In 1982, Bruce Springsteen recorded 10 songs about murderers and thieves, lawmen and con men, lovers and loners. Nebraska, full of moral ambiguity and emotional resonance, became the Springsteen album for people who didn't necessarily like Springsteen, and 18 years on, no artist has ever made anything quite like it.
Badlands: A Tribute to Bruce Springsteen's Nebraska is meant to present these songs to a new generation of listeners who may not have heard them the first time around. More than just creating a bridge to the original, however, Badlands comes damn close to actually besting it. Every singer on this album achieves grace. Chrissie Hynde of the Pretenders tackles "Nebraska," creating a powerful tension between the dryly chilling statements of the murdering narrator and her trademark emotion-laden vocals. When she sings, "I guess there's just a meanness in this world," Springsteen's portrayal of the banality of evil is stunning. Seconds later, Hank III's fiddle-driven version of "Atlantic City" roars in like a jump cut in a Scorsese movie. He absolutely nails the desperation in his narrator's worldview.
Los Lobos turn "Johnny 99" into a jumpin' Tex-Mex-influenced rocker; Dar Williams wrings every complex nuance from "Highway Patrolman"; Ani DiFranco turns in a wrenching performance on "Used Cars"; Son Volt's Jay Farrar sings especially beautifully on "Open All Night."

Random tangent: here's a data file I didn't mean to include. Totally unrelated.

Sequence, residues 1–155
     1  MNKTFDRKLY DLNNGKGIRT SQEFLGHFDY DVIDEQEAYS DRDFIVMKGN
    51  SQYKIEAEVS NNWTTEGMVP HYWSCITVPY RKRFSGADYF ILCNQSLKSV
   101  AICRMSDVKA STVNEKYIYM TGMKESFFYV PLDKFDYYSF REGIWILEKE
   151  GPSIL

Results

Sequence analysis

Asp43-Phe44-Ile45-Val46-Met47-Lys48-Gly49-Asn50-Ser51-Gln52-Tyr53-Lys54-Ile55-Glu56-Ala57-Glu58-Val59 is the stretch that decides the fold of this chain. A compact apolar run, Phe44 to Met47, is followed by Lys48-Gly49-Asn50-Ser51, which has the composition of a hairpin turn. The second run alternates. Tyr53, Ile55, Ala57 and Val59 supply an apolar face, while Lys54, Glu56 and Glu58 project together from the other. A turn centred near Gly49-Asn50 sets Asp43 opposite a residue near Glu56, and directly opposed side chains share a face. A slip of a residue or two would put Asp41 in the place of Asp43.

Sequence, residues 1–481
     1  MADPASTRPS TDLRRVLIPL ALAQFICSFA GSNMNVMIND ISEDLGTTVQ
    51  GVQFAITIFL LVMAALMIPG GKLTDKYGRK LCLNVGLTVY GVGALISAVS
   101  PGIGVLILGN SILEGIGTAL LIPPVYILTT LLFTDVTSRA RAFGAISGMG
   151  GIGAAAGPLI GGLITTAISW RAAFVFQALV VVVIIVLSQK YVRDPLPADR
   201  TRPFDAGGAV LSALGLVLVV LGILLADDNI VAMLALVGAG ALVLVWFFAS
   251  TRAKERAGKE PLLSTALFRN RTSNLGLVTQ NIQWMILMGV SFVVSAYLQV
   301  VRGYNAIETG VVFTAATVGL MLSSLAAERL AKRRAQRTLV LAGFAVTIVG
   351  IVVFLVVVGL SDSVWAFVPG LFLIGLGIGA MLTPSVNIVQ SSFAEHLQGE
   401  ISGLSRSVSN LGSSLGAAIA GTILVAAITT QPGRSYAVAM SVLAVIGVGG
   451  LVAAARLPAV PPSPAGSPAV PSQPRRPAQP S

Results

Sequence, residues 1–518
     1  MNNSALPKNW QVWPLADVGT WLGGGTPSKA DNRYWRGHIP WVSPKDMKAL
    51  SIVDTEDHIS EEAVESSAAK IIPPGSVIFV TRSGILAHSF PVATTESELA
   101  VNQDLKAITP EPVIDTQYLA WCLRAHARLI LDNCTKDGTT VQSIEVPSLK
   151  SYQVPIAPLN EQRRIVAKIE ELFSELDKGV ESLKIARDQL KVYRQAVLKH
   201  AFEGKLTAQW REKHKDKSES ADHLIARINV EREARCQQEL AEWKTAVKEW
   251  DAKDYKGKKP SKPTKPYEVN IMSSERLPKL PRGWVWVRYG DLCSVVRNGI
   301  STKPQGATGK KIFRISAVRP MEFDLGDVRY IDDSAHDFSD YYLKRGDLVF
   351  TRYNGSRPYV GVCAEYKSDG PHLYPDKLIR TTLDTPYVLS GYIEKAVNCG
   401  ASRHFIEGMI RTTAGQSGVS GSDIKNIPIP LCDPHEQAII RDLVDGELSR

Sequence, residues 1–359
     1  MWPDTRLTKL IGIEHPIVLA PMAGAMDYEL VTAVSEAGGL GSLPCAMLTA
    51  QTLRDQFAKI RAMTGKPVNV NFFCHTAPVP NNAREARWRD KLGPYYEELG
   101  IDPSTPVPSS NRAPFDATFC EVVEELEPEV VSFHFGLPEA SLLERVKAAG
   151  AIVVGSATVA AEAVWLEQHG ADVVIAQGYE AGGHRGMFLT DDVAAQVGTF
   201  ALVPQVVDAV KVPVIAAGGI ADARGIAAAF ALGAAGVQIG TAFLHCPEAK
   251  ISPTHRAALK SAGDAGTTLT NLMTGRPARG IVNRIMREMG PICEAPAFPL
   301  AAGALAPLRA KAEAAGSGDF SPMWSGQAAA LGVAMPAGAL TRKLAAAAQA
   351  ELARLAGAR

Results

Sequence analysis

The original album ended with "Reason to Believe," here sung with a sense of detachment from husband-and-wife team Michael Penn and Aimee Mann. But Springsteen recorded other songs at the original sessions, so Johnny Cash nails "I'm on Fire" and Raul Malo of the Mavericks sings a gut-wrenching "Downbound Train."
These songs have long been among the deepest in American music history, so it's no surprise that a new look at them should ring so true. More than that, Badlands is easily one of the most essential albums to appear in 2000.